On December 4, 2017 Galatea Jewelry (“Galatea” or “Plaintiff”) filed a copyright infringement suit in the District Court for the Central District of California against the well-known crystal jewelry producer and retailer Swarovski North America Limited and its related entities, Swarovski Retail Ventures Ltd., Swarovski Digital Business USA Inc., and Swarovski Crystallized LLC (collectively, “Swarovski”).
Galatea states that in 2009, its principal, Chi Huynh developed a jewelry design that he called TWO IN ONE HEART Design which was comprised of two overlapping hearts that were made from a single loop of metal. Later, Chi also created a catalog of other types of jewelry in the TWO IN ONE HEART Design, which now makes up Galatea’s Two of One Heart™ line. Galatea now owns, by assignment from Chi, the copyrights in the TWO IN ONE HEART Design (U.S. Copyright Registration No. VAu 1-002-027) and the TWO OF ONE HEART Catalog (U.S. Copyright Registration No. VAu 1-010-959).
This suit arises out of Swarovski’s alleged infringement of Galatea’s copyrighted jewelry designs. At issue in this case is Chi’s design for Galatea’s Two of One Heart™ line.
Galatea’s TWO IN ONE HEART Design can be seen below:
According to the complaint, Chi’s designs for Galatea are sold in over 1,000 retail jewelers throughout the U.S., exhibited at major trade shows, and sold on Galatea’s website http://galateausa.com/. Galatea claims that in 2010, several years before Swarovski’s alleged infringement, Galatea offered for sale and sold its Two of One Heart™ line which included the TWO OF ONE HEART Designs. Galatea states these were sold through the TWO OF ONE HEART Catalog, Galatea’s retail network, website, and trade shows, one of which Galatea claims Swarovski routinely participated in.
Galatea alleges that around January 2016, several years after Galatea created and publicized its TWO OF ONE HEART Designs, Swarovski began to manufacture and sell, without permission from Chi or Galatea, jewelry that featured a design that was a copy of, or substantially similar to, the TWO OF ONE HEART Designs. Galatea claims that Swarovski promoted the allegedly infringing design as part of its Valentine’s Day collection and introduced promotional ads and videos featuring the well-known supermodel Miranda Kerr.
The Galatea and Swarovski products can be seen below:
Galatea claims that prior to Swarovski’s advertisement and production of its allegedly infringing products, Swarovski did not offer heart design jewelry that was arranged in the same manner that Galatea had designed its TWO OF ONE HEART Designs. Galatea explains that its designs involve an optical illusion of one heart that is comprised of two hearts which overlap in the same loop of metal.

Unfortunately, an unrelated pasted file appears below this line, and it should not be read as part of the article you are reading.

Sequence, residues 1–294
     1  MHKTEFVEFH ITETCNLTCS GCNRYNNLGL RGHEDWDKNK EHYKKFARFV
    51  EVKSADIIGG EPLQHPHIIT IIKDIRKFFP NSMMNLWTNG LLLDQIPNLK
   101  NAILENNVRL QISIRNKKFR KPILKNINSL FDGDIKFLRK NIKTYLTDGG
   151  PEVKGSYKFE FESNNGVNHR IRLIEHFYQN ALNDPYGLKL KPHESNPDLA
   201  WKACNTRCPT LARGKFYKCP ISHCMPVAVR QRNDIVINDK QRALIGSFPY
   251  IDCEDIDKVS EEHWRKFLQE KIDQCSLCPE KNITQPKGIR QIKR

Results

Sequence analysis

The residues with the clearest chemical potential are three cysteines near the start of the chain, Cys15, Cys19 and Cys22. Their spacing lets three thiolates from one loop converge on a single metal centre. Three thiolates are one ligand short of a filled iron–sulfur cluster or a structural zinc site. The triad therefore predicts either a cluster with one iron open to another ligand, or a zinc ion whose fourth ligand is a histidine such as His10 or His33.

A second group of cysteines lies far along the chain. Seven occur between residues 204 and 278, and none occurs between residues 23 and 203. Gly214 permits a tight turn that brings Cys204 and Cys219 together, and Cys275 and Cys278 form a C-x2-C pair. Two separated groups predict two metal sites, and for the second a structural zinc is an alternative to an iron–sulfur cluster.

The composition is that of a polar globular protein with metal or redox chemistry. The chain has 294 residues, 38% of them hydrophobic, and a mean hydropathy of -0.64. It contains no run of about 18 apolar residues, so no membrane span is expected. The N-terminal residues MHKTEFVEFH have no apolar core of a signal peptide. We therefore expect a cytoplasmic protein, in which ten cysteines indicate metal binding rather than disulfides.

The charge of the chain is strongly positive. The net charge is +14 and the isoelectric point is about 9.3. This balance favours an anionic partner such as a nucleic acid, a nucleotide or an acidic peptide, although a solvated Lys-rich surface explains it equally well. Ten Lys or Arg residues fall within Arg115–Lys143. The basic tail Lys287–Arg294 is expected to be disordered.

In the complaint, Galatea provided the images below to explain the steps Swarovski allegedly took to copy its design. Galatea alleges that Swarovski merely (1) horizontally flipped the Galatea design; (2) removed the existing diamonds; (3) covered a larger portion of the design with crystals; and (4) tapered the points and rounded the edges.
Additionally, examples of Swarovski’s advertisements that Galatea included in its complaint can be seen below:
Galatea alleges that Swarovski had access to Galatea’s TWO OF ONE HEART Designs through Galatea’s website, trade shows, industry publications, and retail jeweler network. Moreover, Galatea alleges that Swarovski intentionally or recklessly copied Galatea’s designs, which Galatea claims constitutes willful copyright infringement of their designs under 17 U.S.C. § 501. Among Galatea’s demands for relief are injunctive relief, recovery of either its damages and Swarovski’s profits attributable to its alleged infringement of Galatea’s designs, or statutory damages that Galatea claims should be enhanced due to its claim that Swarovski’s infringement was willful and/or reckless.
It will be interesting to see how Swarovski defends this suit and whether Swarovski argues the elements in the jewelry are not copyrightable because they are scenes a faire. Generally, to prove copyright infringement, a Plaintiff must show that the infringing design is “substantially similar” to the copyrighted design. However, under the scenes a faire doctrine, courts will not protect a copyrighted work from infringement if the expression embodied in the work necessarily flows from a commonplace idea, the elements of the work are indispensable, or the elements of the work are standard in the treatment of a certain idea. If the court determines that scenes a faire applies to elements of a design, then it will only be entitled to “thin” copyright protection and the Plaintiff must prove that the infringing design is “virtually identical” to its copyrighted design, which is significantly harder to prove. Copyright protection can also be granted based on the “selection and arrangement” of unprotectable elements. But, under the Ninth Circuit’s Satava case, the bar for copyrightability due solely to selection and arrangement is quite high: “a combination of unprotectable elements is eligible for copyright protection only if those elements are numerous enough and their selection and arrangement original enough that their combination constitutes an original work of authorship.” It will also be interesting to see whether the crystal jewelry retailer can really have anything its heart designs.